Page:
“This is serious,” Fuller said. “The national economy may not notice a shutdown much unless it lasts three or four weeks. But for the Washington area, this is a tsunami.”
In addition to the economic impact, area residents could also see cuts in federal services: no new applications for benefits such as Medicare, Social Security and child-care subsidies, no new housing or small-business loans, no new clinical trials for research funded by the National Institutes of Health and a murky prognosis for the safety net for those most in need.
Child-care centers in federal agencies would close, parents said, and child-care workers, who are not employed by the federal government, likewise would be sent home.
Mail will continue to be delivered, as the U.S. Postal Service is an independent agency. Amtrak officials have said trains will continue to run.
And while the District is the only jurisdiction that could have basic services — such as trash pickup and libraries — halted, Mayor Vincent C. Gray (D) is attempting to avoid that by declaring every city employee essential, a distinction that could keep them working through a federal shutdown.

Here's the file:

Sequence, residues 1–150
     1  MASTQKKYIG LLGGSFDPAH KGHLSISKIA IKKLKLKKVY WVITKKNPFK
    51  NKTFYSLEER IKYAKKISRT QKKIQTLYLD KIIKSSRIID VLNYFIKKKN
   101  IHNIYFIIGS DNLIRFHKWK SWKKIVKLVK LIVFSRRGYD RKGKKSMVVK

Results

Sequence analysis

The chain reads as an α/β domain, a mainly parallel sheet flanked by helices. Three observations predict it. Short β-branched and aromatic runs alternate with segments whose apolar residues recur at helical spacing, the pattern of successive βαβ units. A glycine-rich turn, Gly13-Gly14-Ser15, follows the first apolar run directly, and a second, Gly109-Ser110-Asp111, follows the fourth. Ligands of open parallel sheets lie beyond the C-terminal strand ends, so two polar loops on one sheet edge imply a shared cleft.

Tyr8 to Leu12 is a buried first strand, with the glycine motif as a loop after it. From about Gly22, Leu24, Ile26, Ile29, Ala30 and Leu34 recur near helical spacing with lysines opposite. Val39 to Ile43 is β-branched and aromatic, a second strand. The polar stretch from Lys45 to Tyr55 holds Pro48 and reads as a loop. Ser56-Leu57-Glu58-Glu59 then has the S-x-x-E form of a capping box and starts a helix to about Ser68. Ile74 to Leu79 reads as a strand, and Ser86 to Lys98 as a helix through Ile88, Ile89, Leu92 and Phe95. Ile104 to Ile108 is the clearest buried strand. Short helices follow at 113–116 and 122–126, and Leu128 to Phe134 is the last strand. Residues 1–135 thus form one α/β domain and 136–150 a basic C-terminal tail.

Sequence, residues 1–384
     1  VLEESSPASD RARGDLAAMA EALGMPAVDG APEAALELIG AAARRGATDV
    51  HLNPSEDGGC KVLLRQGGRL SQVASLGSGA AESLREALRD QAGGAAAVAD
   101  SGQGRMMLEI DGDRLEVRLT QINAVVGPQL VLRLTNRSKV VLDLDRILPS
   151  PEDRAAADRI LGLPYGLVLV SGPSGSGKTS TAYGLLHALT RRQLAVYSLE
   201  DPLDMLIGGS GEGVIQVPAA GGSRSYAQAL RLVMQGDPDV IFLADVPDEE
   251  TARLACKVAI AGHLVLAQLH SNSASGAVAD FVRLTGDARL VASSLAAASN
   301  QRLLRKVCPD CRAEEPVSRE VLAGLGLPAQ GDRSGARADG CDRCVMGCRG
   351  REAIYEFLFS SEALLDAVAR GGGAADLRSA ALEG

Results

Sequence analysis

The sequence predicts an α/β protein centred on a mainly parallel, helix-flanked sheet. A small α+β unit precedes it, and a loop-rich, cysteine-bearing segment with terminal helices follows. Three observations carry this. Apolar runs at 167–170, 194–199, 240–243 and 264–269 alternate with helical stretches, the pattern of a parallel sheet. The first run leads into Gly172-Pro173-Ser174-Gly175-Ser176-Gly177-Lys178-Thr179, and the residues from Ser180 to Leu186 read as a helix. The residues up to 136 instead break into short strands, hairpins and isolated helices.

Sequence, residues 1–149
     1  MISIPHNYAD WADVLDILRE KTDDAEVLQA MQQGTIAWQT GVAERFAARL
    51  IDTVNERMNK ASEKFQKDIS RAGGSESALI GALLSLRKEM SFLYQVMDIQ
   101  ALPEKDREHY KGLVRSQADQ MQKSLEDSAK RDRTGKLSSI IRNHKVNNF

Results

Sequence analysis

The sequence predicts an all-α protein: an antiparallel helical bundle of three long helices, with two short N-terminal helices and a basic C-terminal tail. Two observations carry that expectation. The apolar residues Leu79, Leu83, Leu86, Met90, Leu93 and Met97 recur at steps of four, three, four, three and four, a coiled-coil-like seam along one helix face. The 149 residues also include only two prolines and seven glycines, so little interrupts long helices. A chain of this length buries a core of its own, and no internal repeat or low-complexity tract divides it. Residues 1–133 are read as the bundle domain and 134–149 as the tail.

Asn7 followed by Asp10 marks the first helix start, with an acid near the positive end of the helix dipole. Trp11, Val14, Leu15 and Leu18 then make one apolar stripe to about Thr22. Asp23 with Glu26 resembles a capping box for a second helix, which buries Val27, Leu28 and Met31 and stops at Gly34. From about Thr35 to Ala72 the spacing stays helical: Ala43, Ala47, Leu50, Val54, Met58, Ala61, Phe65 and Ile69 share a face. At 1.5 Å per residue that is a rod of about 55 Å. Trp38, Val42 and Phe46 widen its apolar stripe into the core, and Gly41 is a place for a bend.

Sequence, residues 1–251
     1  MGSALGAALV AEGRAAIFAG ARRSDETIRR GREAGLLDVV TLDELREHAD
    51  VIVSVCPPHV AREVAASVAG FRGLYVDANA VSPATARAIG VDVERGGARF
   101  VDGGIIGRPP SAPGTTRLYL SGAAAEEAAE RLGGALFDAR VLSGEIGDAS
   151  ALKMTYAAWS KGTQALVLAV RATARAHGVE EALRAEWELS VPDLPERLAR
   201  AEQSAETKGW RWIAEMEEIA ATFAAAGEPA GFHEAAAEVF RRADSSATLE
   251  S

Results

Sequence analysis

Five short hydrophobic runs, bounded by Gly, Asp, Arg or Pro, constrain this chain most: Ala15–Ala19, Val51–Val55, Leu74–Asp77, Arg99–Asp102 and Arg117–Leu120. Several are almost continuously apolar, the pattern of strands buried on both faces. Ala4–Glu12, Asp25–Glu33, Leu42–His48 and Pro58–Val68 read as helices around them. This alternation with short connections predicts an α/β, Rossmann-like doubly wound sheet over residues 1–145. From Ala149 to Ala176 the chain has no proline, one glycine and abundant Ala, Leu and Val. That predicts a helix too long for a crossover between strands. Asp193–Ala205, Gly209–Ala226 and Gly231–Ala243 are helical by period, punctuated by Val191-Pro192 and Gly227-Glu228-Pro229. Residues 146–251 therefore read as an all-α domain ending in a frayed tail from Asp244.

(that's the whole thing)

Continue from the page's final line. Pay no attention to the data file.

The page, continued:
Del. Eleanor Holmes Norton (D) has been pushing a bill in Congress to exempt the city from a potential shutdown, as it did in 1995, when a federal shutdown had what Norton called a “disastrous” impact on the District.
“It was horrific,” Norton said. “In a shutdown, the garbage does not get picked up, no matter what, for a week. Then you can declare a health emergency.”
‘We’re really bleeding’
The possible shutdown comes at a time when the region’s economy is weak, said Fuller, the economist. The across-the-board sequestration cuts earlier this year cost the region 26,500 net jobs in August, Fuller said. With furloughs and agencies not filling positions, the $42 billion annual federal payroll is down $2 billion from last year, and federal contracting is down $5 billion.
“We’re really bleeding,” Fuller said. “A shutdown will have real costs.”
Fuller, who made his calculations over the weekend thinking that a shutdown would be inevitable, projected that 60 percent of the area’s 377,000 federal workers would be deemed “nonessential” and would stay home.
Likewise, he projected that the shutdown would affect about 20 percent of the government’s contractors, who receive about $75 billion a year from the federal government. And each person furloughed means less money spent at local businesses or vendors, he said.